Seeing cats in Manitoba doesn’t take a whole lot of effort. I have one that lives in my house (and only in my house), and too many that wander around the neighbourhood doing a number on birds and getting hit by cars. And there are always cartoon cats on TV or the web like Sylvester (of Bugs Bunny fame) as he tries to capture and eat Tweety – that yellow bird’s frequent (and distorted)exclamation being the source of this blog’s title. But seeing the province’s native wild cats is quite a bit more challenging than seeing these domestic versions.
We have three wild cat species quietly slinking through our woods and fields. Two are quite rare in Manitoba and all are shy, so a special effort and/or a little luck are needed to see one. The most common is the lynx (Lynx canadensis), a Canadian shield and boreal cat, usually around 10kg with long ear tufts, a stub tail with a black tip, and a luxurious fur that has made it a staple of the trapline for centuries. Despite its relative abundance, it is infrequently seen, even by those that spend a good deal of time outdoors. The bobcat (Lynx rufus) is of similar form, but with shorter ear tufts and a striped stub tail. It is about the same size or a little larger than the lynx, but found only in the southern tenth of the province and is considered uncommon.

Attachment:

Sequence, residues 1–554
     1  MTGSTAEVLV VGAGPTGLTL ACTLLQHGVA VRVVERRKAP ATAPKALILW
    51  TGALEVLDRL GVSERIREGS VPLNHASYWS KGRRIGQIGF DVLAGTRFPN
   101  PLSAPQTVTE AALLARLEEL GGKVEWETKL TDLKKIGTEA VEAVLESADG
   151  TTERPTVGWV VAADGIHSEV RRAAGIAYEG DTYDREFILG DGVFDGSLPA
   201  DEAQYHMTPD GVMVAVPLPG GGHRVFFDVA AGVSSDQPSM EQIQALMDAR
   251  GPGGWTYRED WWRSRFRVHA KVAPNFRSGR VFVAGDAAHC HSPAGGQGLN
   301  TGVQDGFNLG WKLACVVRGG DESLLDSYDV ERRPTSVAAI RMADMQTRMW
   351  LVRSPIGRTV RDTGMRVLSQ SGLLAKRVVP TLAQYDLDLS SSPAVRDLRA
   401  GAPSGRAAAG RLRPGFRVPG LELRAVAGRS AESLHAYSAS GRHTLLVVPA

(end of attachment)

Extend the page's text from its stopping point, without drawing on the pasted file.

The most romanticized member of the cat family in Manitoba is the cougar (Puma concolor). Big males of this magnificent cat can be over 100kg, but most are smaller, and females reach about 60kg. Its status in the province was a bit of a mystery, with only vague historical records until more reliable reports began in the 1940s. But it was not until 1973 that an actual specimen was available, a small male (43kg) shot while near livestock in Stead, about 90km northwest of Winnipeg. Two others, one shot and another accidentally snared, were taken in 2004 around Riding Mountain National Park (near Grandview and Erickson) . All three of these specimens are in the Museum collection. There have been several well-documented and publicized sightings since then in Plum Coulee, Duck Mountain, Lac du Bonnet and Morden (among others).